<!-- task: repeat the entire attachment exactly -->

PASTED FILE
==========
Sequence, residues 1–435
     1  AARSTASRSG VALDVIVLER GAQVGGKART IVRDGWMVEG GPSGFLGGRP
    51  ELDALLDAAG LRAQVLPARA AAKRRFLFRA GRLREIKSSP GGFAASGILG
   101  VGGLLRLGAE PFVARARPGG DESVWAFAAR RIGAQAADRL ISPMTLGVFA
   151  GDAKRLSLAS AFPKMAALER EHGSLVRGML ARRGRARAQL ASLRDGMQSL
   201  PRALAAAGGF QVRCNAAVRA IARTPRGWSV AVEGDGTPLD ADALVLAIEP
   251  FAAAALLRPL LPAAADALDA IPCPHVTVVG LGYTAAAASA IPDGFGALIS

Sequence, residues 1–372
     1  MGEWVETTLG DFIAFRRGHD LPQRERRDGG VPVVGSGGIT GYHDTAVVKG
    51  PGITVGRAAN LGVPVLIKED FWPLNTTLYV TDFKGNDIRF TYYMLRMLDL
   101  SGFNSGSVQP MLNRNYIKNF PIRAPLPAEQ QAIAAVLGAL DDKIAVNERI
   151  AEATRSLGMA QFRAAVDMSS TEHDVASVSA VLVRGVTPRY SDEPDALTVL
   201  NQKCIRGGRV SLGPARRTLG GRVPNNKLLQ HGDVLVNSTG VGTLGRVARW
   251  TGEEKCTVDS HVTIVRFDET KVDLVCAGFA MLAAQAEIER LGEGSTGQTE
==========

Sequence, residues 1–435
     1  AARSTASRSG VALDVIVLER GAQVGGKART IVRDGWMVEG GPSGFLGGRP
    51  ELDALLDAAG LRAQVLPARA AAKRRFLFRA GRLREIKSSP GGFAASGILG
   101  VGGLLRLGAE PFVARARPGG DESVWAFAAR RIGAQAADRL ISPMTLGVFA
   151  GDAKRLSLAS AFPKMAALER EHGSLVRGML ARRGRARAQL ASLRDGMQSL
   201  PRALAAAGGF QVRCNAAVRA IARTPRGWSV AVEGDGTPLD ADALVLAIEP
   251  FAAAALLRPL LPAAADALDA IPCPHVTVVG LGYTAAAASA IPDGFGALIS

Sequence, residues 1–372
     1  MGEWVETTLG DFIAFRRGHD LPQRERRDGG VPVVGSGGIT GYHDTAVVKG
    51  PGITVGRAAN LGVPVLIKED FWPLNTTLYV TDFKGNDIRF TYYMLRMLDL
   101  SGFNSGSVQP MLNRNYIKNF PIRAPLPAEQ QAIAAVLGAL DDKIAVNERI
   151  AEATRSLGMA QFRAAVDMSS TEHDVASVSA VLVRGVTPRY SDEPDALTVL
   201  NQKCIRGGRV SLGPARRTLG GRVPNNKLLQ HGDVLVNSTG VGTLGRVARW
   251  TGEEKCTVDS HVTIVRFDET KVDLVCAGFA MLAAQAEIER LGEGSTGQTE